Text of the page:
how streetwear became a uniform for progressive youth culture around the world
From Singapore to Lagos to Greece, a new generation of fashion outsiders are creating clothing that reflects realities and represents the progressive politics of 21st century youth.
Photography Maxwell Tomlinson. Styling Max Clark. From L - R: Doublet from Tokyo, Pressure from Greece
This article originally appeared in i-D's The Homegrown Issue, no. 355, Spring 2019.
Streetwear was born out of the hyper-specific locations and hobbies of American bi-coastal youthcultures, practical-but-cool clothes for skaters and surfers in Cali and NYC in the 70s and 80s. It evolved as a DIY reaction to the ideals of the luxury fashion industry and its seasonal schedules, eschewing boring professionalism and prohibitively expensive high quality fabrications in favour of rawness, attitude, creativity, and community. There will always be an argument about what exactly streetwear is, or was, or how it has changed and sold out and lost its soul, but more than anything it was a template, a blank tee ready to be screenprinted. It’s for those same reasons that, in the last 30 years, it’s become a ubiquitous fashion statement for a generation of consumers who are now as likely to be found wandering the endless malls of Seoul and Hong Kong as they are across the endless beaches and skateparks of the USA.
Streetwear may have come of age outside the framework of the luxury fashion industry but soon enough it got co-opted by it. Streetwear – a preserve of outsiders, artists, those weird kids at school – became luxury streetwear, just another fashion style, a worldwide costume for an age of Instagram-flattened taste. A generic silhouette of expensive tracksuits, logo hoodies and baseball caps emanating from the same fashion centres these garments were once reacting against. Just another product in a landfill of products, a profit mark-up in the spreadsheets of another multi-national fashion conglomerate.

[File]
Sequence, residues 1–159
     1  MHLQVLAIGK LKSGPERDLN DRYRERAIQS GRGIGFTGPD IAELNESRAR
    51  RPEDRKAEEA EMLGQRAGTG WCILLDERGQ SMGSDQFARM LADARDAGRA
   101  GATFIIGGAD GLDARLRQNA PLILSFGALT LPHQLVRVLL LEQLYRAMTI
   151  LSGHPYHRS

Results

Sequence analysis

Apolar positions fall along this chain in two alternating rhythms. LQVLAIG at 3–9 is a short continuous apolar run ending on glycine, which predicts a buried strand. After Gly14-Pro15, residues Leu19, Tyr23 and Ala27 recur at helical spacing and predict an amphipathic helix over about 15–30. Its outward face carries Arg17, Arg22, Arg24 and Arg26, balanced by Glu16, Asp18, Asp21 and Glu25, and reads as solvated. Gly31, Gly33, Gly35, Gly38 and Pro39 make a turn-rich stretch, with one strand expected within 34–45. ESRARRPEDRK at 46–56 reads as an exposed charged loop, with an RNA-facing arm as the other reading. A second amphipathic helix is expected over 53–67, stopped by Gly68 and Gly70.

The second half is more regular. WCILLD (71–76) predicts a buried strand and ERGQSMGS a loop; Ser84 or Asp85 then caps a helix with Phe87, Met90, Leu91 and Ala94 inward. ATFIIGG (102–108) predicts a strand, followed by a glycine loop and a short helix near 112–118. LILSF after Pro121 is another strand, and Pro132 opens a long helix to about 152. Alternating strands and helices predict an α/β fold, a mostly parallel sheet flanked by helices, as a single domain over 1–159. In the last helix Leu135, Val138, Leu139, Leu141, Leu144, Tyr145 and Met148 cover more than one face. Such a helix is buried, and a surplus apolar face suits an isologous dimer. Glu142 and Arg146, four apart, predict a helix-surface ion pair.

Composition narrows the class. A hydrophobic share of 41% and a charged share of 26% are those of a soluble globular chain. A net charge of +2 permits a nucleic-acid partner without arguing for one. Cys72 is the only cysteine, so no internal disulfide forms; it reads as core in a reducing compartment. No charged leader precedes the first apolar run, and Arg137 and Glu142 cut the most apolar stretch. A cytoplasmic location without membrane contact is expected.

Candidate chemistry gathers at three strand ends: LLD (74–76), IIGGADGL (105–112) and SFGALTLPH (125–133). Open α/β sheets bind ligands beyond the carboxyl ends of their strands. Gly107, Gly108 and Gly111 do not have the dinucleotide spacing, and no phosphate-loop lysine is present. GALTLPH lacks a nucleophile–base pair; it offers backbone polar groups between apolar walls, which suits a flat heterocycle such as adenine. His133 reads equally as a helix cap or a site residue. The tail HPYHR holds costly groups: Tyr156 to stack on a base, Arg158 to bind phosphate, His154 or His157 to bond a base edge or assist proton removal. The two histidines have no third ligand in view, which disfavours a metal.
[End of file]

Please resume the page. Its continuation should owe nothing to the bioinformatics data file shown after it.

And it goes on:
And yet, looking away from the catwalks of New York, London, Milan and Paris, and looking across the globe, a new wave of streetwear has been emerging. From Singapore to Lagos, from Greece to Eastern Europe a generation of talented kids are turning to streetwear’s open template to create fashion that reflects their personal lives and realities, it is fashion that represents the progressive politics of 21st century youth, the inclusive attitude of a generation raised in communities fostered and developed online.
In 2015, after the terrorist attack at the Charlie Hebdo office in Paris, France witnessed a surge in anti-Islamic hate-crime and violence. In response Theodoros Gennitsakis started up the clothing label Pressure with a desire to counter the negative stereotypes swirling around Arabs in the country. The first piece he created was a simple T-shirt with the word “pressure” written on it in Arabic (aping Supreme’s red-on-white box logo for added impact) “because of the pressure Arabs in France were feeling at the time,” he explains. “The pieces are simple but the message is strong.”
Pressure has now evolved into a dedicated clothing label but it remains rooted in that initial creative idea. “The goal was to create a feeling and a story, the product comes from that.” The product reflects a modern European story, a crashing together of cultural references from across the continent, slogans are written in Arabic and Greek and English, the symbols and motifs drawn from the ancient and modern mythologies of these cultures. Pressure’s cross-cultural synthesis suggests a pan-European pan-racial positivity, a utopian union, the Med as a space of integration rather than division.
The pieces Pressure create are bold, colourful, simple, fun, communicative, and they utilise the simplicity of streetwear to make a big statement. Theodoros has seen the brand get taken up by everyone from fashion IT kids to old dudes into politics. But Pressure is also indicative of a new feeling in fashion, an openness to diversity, an inclusiveness, a new attitude. Streetwear is the easiest mode for channeling that expression, especially for untrained youth who didn’t go to fashion school. “The children of immigrants working in fashion are the most exciting thing right now, pushing their roots into the industry. Street culture made this moment because most of these kids came from the street.”